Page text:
Altered Renal Microvascular Function in Early Diabetes

  • Pamela K. Carmines
  • Joseph P. Bast
  • Naohito Ishii
Part of the Contemporary Diabetes book series (CDI)


The early stage of type 1 diabetes (T1D) is characterized by glomerular hyperfiltration that arises as the result of preglomerular (primarily afferent arteriolar) vasodilation. Although hyperglycemia is the trigger for this process, the mechanism linking hyperglycemia to reduced afferent arteriolar tone remains an area of active debate. It is well established that diabetic hyperglycemia provokes a condition of oxidative stress in many organs including the kidney. In this chapter, we consider the possible role of oxidative stress in producing a defect in afferent arteriolar electromechanical coupling that involves K+ channel activation, membrane hyperpolarization, and a consequent decrease in Ca2+ influx through voltage-gated channels. As voltage-dependent Ca2+ influx is a primary determinant of afferent (but not efferent) arteriolar tone and vasoconstrictor responsiveness, this scenario offers a potential mechanism whereby hyperglycemia results in the preglomerular vasodilation that underlies diabetic hyperfiltration.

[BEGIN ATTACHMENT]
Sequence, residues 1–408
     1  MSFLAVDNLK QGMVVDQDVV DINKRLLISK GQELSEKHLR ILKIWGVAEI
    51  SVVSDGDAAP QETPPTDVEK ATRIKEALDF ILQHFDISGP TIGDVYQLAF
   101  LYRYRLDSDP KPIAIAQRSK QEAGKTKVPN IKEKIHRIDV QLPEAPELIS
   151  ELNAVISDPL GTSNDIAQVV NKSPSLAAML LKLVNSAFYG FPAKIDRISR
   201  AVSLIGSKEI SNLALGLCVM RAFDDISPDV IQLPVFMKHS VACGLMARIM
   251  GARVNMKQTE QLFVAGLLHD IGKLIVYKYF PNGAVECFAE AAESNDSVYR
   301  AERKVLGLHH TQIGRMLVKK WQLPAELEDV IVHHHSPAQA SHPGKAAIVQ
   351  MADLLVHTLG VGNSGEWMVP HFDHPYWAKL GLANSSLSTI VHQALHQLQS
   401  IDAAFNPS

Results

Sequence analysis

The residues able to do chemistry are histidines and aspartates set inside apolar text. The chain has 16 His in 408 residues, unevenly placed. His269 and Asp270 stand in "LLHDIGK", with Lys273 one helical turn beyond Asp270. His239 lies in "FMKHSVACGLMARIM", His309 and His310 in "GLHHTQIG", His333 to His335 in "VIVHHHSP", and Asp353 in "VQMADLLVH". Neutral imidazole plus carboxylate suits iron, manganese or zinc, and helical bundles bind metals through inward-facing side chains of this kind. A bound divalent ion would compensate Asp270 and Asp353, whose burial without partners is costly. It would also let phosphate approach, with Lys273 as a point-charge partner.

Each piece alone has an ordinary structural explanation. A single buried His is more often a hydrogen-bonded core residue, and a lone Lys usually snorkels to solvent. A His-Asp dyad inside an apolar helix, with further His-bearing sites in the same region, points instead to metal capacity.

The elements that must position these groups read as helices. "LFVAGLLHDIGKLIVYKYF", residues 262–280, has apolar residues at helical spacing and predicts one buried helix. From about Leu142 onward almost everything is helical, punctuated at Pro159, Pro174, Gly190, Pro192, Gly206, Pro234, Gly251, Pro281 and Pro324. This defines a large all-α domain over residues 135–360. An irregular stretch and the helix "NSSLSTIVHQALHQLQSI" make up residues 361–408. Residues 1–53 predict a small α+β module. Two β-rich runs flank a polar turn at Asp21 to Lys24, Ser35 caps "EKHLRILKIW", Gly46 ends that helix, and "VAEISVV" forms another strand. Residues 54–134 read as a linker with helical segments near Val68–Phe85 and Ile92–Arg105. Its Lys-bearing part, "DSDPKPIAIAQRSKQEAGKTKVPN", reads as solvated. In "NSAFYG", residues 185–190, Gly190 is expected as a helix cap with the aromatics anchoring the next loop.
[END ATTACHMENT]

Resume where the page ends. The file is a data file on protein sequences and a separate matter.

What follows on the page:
Physiol Heart Circ Afferent Arteriolar Tubuloglomerular Feedback Early Diabetes Arteriolar Tone 
These keywords were added by machine and not by the authors. This process is experimental and the keywords may be updated as the learning algorithm improves.


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Copyright information

© Humana Press Inc., Totowa, NJ 2006

Authors and Affiliations

  • Pamela K. Carmines
    • 1
  • Joseph P. Bast
    • 2
  • Naohito Ishii
    • 3
  1. 1.Department of Cellular and Integrative PhysiologyUniversity of Nebraska College of MedicineOmaha
  2. 2.Department of MedicineLoyola University Stritch School of MedicineChicago
  3. 3.Department of Hematological InformaticsKitasato University School of Allied Health SciencesKanagawaJapan

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